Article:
Wall Street executives have been quite open about the fact that they really, really don’t want to see Elizabeth Warren get anywhere near the Senate. And it looks like they’re about to ratchet up their efforts to help Scott Brown prevent it from happening — including the influential U.S. Chamber of Commerce.

The Center for Public Integrity reports today that Wall Street and K Street lobbyists are firing up the fundraising on behalf of Brown in a big way. The report quoted multiple big finance types saying Brown’s reelection campaign is crucial, and it noted — without sourcing — that the U.S. Chamber “will be engaged early and heavily in Massachusetts with ads.”

Asked for comment, a Chamber spokesman, J.P. Fielder, emailed me: “Stay tuned.” He declined to say more, claiming he couldn’t discuss the group’s potential political activities, but the Chamber spent big on ads to help get Brown get elected in 2010, so more is likely now on the way. This comes after the New York Times reported that Warren’s “enemies” on Wall Street are getting ready to throw themselves behind Brown, who they view as a key ally, with “new intensity.”

Here’s why this is important: It suggests these powerful interests may think Warren has already shown she’s a threat to Brown. Yesterday, national Republicans were dismissive of a new online poll finding that Warrren is statistically tied with the incumbent. But the unusually early involvement of outside groups suggest that GOP-aligned special interests may in fact see Warren’s challenge to the Senator they’re backing as a serious one.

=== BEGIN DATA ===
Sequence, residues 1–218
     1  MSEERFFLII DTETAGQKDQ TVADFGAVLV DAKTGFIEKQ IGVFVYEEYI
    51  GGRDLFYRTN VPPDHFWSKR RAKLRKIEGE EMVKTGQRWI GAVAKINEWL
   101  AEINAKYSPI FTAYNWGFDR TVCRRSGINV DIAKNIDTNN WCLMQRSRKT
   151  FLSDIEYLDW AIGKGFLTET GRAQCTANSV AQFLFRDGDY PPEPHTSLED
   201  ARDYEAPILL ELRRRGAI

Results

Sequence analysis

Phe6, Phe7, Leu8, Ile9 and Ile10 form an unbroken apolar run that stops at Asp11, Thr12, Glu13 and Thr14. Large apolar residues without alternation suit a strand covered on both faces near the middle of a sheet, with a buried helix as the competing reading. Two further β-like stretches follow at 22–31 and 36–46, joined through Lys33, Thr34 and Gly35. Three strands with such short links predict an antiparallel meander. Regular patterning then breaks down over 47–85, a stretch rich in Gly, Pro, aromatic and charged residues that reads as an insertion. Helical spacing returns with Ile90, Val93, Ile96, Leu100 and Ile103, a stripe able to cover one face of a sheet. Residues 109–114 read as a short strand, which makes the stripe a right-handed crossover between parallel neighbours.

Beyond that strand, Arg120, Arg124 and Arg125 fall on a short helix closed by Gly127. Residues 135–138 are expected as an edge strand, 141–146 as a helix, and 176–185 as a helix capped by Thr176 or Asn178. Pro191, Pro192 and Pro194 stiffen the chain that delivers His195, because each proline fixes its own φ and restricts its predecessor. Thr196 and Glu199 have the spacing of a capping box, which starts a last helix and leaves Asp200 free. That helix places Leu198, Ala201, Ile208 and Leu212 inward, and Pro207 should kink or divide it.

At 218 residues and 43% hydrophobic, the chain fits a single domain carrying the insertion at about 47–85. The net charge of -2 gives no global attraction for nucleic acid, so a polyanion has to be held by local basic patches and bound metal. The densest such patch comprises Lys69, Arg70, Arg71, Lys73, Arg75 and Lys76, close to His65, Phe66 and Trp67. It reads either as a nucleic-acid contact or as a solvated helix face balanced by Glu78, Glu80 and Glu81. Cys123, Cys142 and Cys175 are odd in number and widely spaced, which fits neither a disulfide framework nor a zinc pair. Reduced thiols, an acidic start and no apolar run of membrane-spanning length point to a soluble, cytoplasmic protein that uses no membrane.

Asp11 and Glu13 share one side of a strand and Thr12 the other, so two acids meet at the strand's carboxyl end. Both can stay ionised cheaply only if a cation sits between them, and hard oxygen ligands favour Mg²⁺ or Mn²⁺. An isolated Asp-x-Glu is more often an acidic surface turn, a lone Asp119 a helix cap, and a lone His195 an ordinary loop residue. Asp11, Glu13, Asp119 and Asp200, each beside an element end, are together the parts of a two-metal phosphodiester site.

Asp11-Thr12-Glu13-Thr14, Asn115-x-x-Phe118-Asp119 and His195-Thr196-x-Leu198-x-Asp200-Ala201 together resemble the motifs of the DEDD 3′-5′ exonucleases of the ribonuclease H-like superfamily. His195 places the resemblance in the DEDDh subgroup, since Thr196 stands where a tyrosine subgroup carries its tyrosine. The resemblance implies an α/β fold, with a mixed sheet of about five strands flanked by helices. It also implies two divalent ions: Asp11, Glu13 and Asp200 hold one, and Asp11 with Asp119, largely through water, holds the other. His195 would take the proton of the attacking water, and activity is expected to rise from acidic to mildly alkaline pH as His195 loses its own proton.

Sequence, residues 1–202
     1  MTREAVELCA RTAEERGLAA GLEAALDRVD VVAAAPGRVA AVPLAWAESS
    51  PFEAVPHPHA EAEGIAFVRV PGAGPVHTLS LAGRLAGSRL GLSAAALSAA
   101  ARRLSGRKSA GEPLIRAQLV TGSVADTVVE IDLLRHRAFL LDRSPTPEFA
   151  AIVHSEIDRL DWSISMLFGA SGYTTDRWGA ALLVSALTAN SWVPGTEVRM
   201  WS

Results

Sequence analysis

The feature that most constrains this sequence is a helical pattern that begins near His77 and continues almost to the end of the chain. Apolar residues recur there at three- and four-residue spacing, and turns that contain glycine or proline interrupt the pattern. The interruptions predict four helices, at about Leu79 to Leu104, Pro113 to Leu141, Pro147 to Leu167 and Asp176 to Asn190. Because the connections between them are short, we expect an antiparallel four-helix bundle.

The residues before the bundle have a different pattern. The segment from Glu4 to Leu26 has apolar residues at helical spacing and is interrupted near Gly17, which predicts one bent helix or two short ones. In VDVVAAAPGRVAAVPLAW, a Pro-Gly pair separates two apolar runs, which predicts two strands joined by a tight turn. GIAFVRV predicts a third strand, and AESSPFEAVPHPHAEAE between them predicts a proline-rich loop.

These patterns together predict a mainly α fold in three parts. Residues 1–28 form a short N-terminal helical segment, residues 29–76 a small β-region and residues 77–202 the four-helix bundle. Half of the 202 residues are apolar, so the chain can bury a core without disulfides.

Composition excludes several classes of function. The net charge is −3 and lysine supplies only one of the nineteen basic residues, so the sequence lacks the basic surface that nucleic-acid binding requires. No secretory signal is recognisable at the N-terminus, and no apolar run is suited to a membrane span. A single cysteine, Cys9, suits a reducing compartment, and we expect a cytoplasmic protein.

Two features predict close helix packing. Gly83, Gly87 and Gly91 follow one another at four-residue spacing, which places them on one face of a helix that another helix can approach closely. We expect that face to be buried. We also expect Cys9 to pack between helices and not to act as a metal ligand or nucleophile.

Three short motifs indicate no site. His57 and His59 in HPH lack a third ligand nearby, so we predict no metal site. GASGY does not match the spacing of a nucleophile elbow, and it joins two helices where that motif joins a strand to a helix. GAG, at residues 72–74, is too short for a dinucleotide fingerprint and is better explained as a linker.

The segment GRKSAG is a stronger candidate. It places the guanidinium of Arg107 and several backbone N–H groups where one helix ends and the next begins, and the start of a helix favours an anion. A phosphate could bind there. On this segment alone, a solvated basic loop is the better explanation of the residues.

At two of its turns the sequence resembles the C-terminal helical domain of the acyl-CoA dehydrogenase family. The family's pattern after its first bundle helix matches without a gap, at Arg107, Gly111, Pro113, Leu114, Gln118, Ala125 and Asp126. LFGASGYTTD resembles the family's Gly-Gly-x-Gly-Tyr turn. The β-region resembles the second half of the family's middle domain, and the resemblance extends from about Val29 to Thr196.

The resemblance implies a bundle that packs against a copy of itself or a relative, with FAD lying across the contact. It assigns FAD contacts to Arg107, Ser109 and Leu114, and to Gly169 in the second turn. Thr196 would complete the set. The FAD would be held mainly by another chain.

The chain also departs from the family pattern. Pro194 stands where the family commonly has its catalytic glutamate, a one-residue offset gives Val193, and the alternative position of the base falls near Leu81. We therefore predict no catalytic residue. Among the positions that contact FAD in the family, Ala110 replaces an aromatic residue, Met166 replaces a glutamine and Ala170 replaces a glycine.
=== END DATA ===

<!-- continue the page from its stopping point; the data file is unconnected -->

Here’s another data point. The Rove-founded Crossroads GPS recently went up on the air with a six-figure ad buy slamming Warren for embracing Occupy Wall Street. Yet only weeks before that, Crossroads’ spokesman went on record saying the group was unlikely to get involved in the race unless it “tightened.” Which would suggest the race has ... tightened.

Asked for comment on the U.S. Chamber and other activity gearing up, Warren campaign manager Mindy Myers emailed:

“She stood up to Wall Street and the big banks, demanded and won oversight and consumer protections they didn’t want. No one should be surprised they don’t want her in the Senate.”

The question is whether influential liberal groups will start spending big on the race to match the right. Environmental groups have spent some money — environmentalism is a resonant issue in Massachusetts, particularly among independents — but the big money has yet to flow. Warren herself has embarked on an unusually early and aggressive effort to introduce herself to the state with a minute-long biographical spot backed by six figures, and for now, it’s basically her versus her long time antagonist: Wall Street.